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Bunnell v. Butts

United States District Court, S.D. Indiana, Indianapolis Division

March 15, 2018

KEITH BUTTS Mr., Warden, GIBSON Ms., Mailroom Supervisor, Defendants.


         Entry Dismissing Complaint and Directing Filing of Amended Complaint

         I. The plaintiff's motion to proceed in forma pauperis, Dkt. No. 3, is granted. He is assessed an initial partial filing fee of Nine Dollars and Fifty Cents ($9.50). He shall have through April 18, 2018, to pay this sum to the clerk.

         II. The plaintiff's motion for assistance with recruiting counsel, Dkt. No. 2 is denied as premature. The filing fee has not been paid, the complaint has not been screened, and the defendants have not been served. The Seventh Circuit has found that “until the defendants respond to the complaint, the plaintiff's need for assistance of counsel . . . cannot be gauged.” Kadamovas v. Stevens, 706 F.3d 843, 845 (7th Cir. 2013).

         III. Screening

         The plaintiff is a prisoner currently incarcerated at New Castle Correctional Facility (“New Castle”). Because the plaintiff is a “prisoner” as defined by 28 U.S.C. § 1915(h), this Court has an obligation under 28 U.S.C. § 1915A(b) to screen his complaint before service on the defendants. Pursuant to 28 U.S.C. § 1915A(b), the Court must dismiss the complaint if it is frivolous or malicious, fails to state a claim for relief, or seeks monetary relief against a defendant who is immune from such relief. In determining whether the complaint states a claim, the Court applies the same standard as when addressing a motion to dismiss under Federal Rule of Civil Procedure 12(b)(6). See Lagerstrom v. Kingston, 463 F.3d 621, 624 (7th Cir. 2006). To survive dismissal,

[the] complaint must contain sufficient factual matter, accepted as true, to state a claim for relief that is plausible on its face. A claim has facial plausibility when the plaintiff pleads factual content that allows the court to draw the reasonable inference that the defendant is liable for the misconduct alleged.

Ashcroft v. Iqbal, 556 U.S. 662, 678 (2009). Pro se complaints such as that filed by the plaintiff are construed liberally and held to a less stringent standard than formal pleadings drafted by lawyers. Obriecht v. Raemisch, 517 F.3d 489, 491 n.2 (7th Cir. 2008).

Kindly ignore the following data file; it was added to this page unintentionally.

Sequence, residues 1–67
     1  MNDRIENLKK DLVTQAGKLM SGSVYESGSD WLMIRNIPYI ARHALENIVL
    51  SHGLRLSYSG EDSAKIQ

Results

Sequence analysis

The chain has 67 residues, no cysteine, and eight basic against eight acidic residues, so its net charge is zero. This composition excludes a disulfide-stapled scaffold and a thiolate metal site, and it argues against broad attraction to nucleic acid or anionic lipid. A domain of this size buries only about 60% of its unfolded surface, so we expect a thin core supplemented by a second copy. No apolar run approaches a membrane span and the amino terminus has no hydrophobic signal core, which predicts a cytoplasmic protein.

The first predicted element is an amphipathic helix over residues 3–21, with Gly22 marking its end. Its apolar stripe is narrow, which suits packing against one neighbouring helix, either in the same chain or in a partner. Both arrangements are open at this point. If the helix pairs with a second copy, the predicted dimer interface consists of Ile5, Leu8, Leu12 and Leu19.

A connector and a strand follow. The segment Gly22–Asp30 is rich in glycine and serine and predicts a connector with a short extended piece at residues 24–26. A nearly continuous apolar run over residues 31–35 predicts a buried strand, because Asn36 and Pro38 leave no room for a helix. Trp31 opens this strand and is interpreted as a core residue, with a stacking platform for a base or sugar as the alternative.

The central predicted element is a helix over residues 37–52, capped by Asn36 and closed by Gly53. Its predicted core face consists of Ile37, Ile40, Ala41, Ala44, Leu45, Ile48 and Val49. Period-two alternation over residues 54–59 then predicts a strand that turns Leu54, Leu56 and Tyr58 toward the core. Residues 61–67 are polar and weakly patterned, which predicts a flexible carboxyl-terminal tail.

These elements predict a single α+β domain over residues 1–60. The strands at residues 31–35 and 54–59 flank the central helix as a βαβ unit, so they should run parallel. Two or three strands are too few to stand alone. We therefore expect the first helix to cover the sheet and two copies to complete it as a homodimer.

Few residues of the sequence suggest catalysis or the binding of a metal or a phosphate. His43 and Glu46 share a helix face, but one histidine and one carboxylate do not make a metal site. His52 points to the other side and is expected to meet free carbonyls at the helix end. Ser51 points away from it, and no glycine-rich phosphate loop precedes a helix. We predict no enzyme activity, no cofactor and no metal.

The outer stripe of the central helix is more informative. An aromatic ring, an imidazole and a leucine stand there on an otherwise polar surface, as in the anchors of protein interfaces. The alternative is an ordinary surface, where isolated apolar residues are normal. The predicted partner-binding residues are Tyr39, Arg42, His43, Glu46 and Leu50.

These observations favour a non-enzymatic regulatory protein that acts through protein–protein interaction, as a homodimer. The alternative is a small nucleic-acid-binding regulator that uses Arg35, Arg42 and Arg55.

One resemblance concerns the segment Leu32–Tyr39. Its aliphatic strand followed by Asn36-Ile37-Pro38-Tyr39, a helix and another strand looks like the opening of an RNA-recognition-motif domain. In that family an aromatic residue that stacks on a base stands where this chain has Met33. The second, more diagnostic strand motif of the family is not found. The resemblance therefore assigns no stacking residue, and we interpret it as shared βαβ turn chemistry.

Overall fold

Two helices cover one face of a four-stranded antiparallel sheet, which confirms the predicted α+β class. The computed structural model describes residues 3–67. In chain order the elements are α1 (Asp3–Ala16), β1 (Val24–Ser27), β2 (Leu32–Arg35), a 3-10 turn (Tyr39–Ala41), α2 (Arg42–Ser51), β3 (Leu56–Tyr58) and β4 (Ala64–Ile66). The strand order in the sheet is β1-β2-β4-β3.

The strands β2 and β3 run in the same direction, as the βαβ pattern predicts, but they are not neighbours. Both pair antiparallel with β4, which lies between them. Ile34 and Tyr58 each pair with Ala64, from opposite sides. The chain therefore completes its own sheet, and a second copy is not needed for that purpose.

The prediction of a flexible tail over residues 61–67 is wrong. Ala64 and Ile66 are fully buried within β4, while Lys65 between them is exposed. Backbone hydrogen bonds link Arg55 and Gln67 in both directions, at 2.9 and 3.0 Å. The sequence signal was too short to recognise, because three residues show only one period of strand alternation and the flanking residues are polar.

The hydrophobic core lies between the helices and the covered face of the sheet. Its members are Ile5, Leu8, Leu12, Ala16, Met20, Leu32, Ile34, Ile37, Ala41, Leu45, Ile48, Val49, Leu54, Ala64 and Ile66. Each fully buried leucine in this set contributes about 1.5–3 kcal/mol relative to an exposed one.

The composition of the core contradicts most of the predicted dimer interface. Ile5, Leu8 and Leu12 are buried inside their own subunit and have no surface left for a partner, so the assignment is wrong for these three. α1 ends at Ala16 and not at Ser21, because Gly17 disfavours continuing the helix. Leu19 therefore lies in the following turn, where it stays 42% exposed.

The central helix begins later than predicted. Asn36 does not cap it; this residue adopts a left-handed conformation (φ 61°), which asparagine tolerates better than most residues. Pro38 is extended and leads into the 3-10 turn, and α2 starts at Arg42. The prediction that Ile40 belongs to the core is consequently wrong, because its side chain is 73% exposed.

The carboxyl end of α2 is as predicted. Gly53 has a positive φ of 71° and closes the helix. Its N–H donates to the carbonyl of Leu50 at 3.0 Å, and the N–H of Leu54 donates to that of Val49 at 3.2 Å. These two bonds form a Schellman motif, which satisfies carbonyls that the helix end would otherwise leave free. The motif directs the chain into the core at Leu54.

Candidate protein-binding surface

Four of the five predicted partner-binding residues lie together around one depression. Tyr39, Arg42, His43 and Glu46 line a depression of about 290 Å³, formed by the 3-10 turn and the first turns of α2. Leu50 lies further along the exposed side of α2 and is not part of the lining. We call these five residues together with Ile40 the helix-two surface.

IV. The Complaint

         Here, the plaintiff alleges he was denied access to the Indiana appellate courts. More specifically, the plaintiff alleges that the Indiana Supreme Court sent him a notice of defect on December 4, 2017, notifying him of a defect in the filing of his appellate brief. He said that the mail room failed to deliver the notice of defect to him in a timely manner such that he could timely cure the defect.

         An access to the courts claim only exists if a prisoner is unreasonably prevented from presenting legitimate grievances to a court. Thus, when he alleges a denial of the right to access to the court, he must plead specific prejudice to state a claim, such as by alleging that he missed court deadlines, failed to make a timely filing, or that legitimate claims were dismissed.

         Here, the plaintiff has not alleged any prejudice he suffered based on the mail room's alleged late delivery of the notice of defect from the Indiana court. He has failed to “make specific allegations as to the prejudice suffered because of the defendants' alleged conduct” and thus his right to access-to-courts claim is dismissed. Ortloff v. United States, 335 F.3d 652, 656 (7th Cir. 2003). As such, the plaintiff's access to the court's claim is dismissed as factually inadequate. Defendant Ms. Gibson, as the mail room supervisor, is also dismissed as a defendant.

         The plaintiff also alleges a claim against defendant Keith Butts based on his status as Superintendent. The plaintiff does not allege that Butts personally participated in the alleged delay in the delivery of his mail. Any claims against Keith Butts are dismissed because there is no specific allegation of wrongdoing on his part. “Where a complaint alleges no specific act or conduct on the part of the defendant and the complaint is silent as to the defendant except for his name appearing in the caption, the complaint is properly dismissed.” Potter v. Clark, 497 F.2d 1206, 1207 (7th Cir. 1974); see Black v. Lane, 22 F.3d 1395, 1401 and n.8 (7th Cir. 1994) (district court properly dismissed complaint against one defendant when the complaint alleged only that defendant was charged with the administration of the institution and was responsible for all persons at the institution). To the extent Butts is included as a defendant because of his supervisory position, this position alone is not adequate to support the imposition of liability. See West v. Waymire, 114 F.3d 646, 649 (7th Cir. 1997) (“the doctrine of respondeat superior is not available to a plaintiff in a section 1983 suit”). Defendant Keith Butts is dismissed as a defendant.

         Because the Court has been unable to identify a viable claim for relief against any particular defendant, the ...

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